She nodded. “They looked for him during the next assignment but couldn’t find him. The lieutenant declared him missing months ago.”

     Joseph snorted. Harvey felt sick. He was sick, in fact, and threw up on the concrete.

          ----               ----               ----               ----               ----

     Harvey sat in the backseat now with a man who didn’t talk. He found this comforting. Too often, he thought, his outsides were as loud as his insides. Now, he could focus entirely on his thoughts – and the others’.

     They drove north, ever-nearer to the border.

     Alonzo: Watch out, commies! Andres: We’re swashbucklers! Alonzo: Pirate captains! Andres: Argh! Frankie backed into his chair: I don’t want Harvey to fight!

     I won’t be fighting, Harvey thought. He hoped it reached Frankie. He wouldn’t be fighting – he’d be two dark eyes, looking for Park and for news on the enemy.

     He looked out the window, watching each person they passed. Ensuring they weren’t Park, hiding out in the hills.

     I wouldn’t blame him, said Rich.

          ----               ----               ----               ----               ----

     Harvey shared his tent with Morris. He couldn’t sleep.

     They camped in an open field, twenty-or-so tan spots in the grass. Just past them, a rice paddy. In the distance, mounds, closer again to the green from Camp Cloud. Harvey wandered the field, leaning over the rice paddy, tasting his fingers after dipping them in the water, squatting in the mud. He watched clouds pass over the black sky. Eventually, Harvey found his way back.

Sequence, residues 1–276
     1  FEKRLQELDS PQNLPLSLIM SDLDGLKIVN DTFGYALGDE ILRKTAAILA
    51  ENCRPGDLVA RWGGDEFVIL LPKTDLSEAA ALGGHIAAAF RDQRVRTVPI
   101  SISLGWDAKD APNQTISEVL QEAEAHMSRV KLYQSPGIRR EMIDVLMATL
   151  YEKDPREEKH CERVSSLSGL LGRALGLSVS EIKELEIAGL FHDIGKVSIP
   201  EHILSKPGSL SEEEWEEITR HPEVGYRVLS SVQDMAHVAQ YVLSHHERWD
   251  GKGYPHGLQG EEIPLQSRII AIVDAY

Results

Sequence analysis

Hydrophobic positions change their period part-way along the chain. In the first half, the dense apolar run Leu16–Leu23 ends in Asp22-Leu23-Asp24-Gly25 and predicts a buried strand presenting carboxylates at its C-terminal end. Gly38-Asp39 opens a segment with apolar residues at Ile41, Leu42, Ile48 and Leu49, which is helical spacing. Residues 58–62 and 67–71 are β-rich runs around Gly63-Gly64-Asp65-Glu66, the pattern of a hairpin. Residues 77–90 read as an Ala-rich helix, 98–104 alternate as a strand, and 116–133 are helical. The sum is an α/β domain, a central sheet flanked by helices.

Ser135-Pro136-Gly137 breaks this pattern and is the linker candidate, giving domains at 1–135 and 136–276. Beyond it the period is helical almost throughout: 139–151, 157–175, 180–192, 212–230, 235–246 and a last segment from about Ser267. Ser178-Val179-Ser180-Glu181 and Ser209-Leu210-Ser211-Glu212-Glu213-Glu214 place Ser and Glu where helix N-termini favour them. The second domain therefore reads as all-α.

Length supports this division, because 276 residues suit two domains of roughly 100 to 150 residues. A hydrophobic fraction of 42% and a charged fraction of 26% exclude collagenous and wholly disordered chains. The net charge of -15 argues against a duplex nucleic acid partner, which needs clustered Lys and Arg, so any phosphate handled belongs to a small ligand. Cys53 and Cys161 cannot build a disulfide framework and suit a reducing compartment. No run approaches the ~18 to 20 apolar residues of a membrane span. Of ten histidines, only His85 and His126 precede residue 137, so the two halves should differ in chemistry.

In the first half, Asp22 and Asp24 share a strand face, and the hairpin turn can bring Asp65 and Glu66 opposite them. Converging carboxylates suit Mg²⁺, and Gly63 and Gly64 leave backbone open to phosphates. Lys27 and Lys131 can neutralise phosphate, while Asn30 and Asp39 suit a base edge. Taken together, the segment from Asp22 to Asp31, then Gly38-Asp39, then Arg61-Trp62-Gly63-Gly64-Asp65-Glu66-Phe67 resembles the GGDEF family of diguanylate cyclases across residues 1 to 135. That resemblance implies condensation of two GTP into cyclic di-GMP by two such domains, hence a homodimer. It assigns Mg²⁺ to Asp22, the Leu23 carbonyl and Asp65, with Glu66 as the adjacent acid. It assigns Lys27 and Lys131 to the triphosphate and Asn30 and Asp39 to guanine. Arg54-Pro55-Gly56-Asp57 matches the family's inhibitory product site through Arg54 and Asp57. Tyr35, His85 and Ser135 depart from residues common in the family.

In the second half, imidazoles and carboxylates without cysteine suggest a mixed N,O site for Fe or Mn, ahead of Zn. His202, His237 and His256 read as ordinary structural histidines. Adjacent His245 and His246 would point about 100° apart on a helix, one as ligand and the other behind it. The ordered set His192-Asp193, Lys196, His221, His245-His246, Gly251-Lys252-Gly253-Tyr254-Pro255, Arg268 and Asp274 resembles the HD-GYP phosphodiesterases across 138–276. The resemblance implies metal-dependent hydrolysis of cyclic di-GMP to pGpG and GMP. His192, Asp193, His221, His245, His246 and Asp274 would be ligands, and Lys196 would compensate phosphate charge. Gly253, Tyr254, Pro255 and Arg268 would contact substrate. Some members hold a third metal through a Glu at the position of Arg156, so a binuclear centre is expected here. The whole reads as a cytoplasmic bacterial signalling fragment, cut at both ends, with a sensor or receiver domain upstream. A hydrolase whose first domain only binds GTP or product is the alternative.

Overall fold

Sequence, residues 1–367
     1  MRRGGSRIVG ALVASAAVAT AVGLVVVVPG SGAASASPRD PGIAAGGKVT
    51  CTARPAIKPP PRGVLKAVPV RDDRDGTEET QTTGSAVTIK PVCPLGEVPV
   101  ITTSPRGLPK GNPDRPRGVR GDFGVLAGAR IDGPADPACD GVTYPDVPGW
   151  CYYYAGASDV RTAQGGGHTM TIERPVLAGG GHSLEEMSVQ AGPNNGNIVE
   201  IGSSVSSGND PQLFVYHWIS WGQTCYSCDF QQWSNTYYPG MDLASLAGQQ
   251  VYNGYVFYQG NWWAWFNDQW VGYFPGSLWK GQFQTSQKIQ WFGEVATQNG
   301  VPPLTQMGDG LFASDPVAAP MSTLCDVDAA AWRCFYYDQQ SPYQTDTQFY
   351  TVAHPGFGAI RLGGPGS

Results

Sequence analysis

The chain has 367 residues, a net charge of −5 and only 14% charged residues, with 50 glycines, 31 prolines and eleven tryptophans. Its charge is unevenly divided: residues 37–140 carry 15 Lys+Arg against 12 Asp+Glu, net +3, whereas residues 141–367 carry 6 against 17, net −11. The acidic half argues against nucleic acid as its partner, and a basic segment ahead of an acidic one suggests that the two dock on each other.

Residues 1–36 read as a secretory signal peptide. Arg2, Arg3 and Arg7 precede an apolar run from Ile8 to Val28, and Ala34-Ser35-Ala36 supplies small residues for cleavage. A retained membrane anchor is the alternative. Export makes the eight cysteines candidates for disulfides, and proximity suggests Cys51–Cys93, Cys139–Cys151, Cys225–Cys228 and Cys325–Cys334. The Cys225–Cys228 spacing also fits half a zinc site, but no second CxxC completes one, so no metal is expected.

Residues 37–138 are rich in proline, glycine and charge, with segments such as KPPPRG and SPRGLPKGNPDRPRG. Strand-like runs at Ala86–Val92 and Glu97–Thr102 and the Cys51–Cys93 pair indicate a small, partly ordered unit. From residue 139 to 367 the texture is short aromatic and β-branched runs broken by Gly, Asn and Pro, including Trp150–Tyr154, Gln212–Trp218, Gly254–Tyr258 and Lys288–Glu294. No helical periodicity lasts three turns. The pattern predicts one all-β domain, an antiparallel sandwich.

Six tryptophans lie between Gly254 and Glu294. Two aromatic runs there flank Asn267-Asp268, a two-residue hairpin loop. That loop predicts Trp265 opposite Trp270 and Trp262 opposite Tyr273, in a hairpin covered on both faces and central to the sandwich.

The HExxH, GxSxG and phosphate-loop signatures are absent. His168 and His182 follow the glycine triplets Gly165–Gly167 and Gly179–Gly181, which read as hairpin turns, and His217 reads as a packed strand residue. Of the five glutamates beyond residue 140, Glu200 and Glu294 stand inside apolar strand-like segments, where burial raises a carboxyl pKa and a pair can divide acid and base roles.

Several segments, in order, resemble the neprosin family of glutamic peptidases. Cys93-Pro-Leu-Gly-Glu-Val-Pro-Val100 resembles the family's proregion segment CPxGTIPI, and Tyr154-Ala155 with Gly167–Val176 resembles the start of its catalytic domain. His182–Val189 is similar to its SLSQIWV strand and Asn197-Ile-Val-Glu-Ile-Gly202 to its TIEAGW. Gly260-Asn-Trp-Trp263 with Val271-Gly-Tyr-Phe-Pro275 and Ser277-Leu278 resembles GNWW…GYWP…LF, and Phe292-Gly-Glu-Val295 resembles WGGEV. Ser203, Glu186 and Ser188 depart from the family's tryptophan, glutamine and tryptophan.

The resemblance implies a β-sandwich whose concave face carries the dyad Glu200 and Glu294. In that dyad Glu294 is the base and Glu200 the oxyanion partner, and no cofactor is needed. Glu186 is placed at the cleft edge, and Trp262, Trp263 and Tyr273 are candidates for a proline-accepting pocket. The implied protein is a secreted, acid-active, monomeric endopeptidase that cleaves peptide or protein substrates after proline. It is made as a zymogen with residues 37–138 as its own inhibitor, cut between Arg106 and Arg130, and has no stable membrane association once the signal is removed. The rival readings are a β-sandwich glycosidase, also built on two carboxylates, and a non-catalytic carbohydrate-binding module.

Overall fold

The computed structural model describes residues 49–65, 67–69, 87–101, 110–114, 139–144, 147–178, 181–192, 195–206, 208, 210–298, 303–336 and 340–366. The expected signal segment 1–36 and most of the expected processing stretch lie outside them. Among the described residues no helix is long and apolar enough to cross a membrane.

He was awake. Morris was screaming. He thought it was Morris – his mouth was open – but it was a woman’s scream. It was a man’s scream. It was a person’s horrible, curdling scream.

     Morris opened the tent and ran out, yelling Harvey out, too. Ahead, he saw red grass. Suddenly, Harvey was pulled back. 

     He was inside himself, and Rich was there, and Odette, Alonzo, Frankie, and Joseph. They sat him in Andres’ chair. Turned it around. Covered his ears. But there wasn’t enough covering for it. It was everywhere.

     He didn’t know what was happening. Everything was unraveling, spinning and spinning until it dizzied itself. Andres came back, Alonzo left, and Rich held Andres in his lap. He screamed, and there wasn’t enough covering for it. 

     Rich smothered Andres’ face in his chest. The outside was pouring in. Time, out. 

     Frankie was gone, Alonzo was back, and Rich held both the twins while Odette held Harvey. They pressed and pulled his shirt and burrowed into him. Rich was a hole.

     Odette whispered in Harvey’s ear, It’s time for me to go.

     Harvey nodded, his head still in her hands. She disappeared, and he covered his ears where she had been. 

     He had no one inside to divert him. He was the inside.

     Frankie fell into Rich, who rocked him, and the twins lay on the floor. Frankie wailed, and it couldn’t be covered. It seeped between Harvey’s fingers and bled in his ears.

     It was a long while before things quieted. He uncovered.

     Joseph sat back. The boys, and Rich, were still. 

     There were human noises like whispers in the background.

     Odette was singing, with his voice. It was softer than he’d ever heard himself. And in focus, through his eyes, he saw Gwishin. Red, convulsing. He realized he’d been crying since he woke up.

          ----               ----               ----               ----               ----

     Odette was Harvey’s white swan. She was gentle, nurturing, and warm, and always put Harvey first. She was everything he’d ever wanted in a mother.

          ----               ----               ----               ----               ----

     Joseph wasn’t allowed out after Park.

[Untitled Project A]


A Beginning Chapter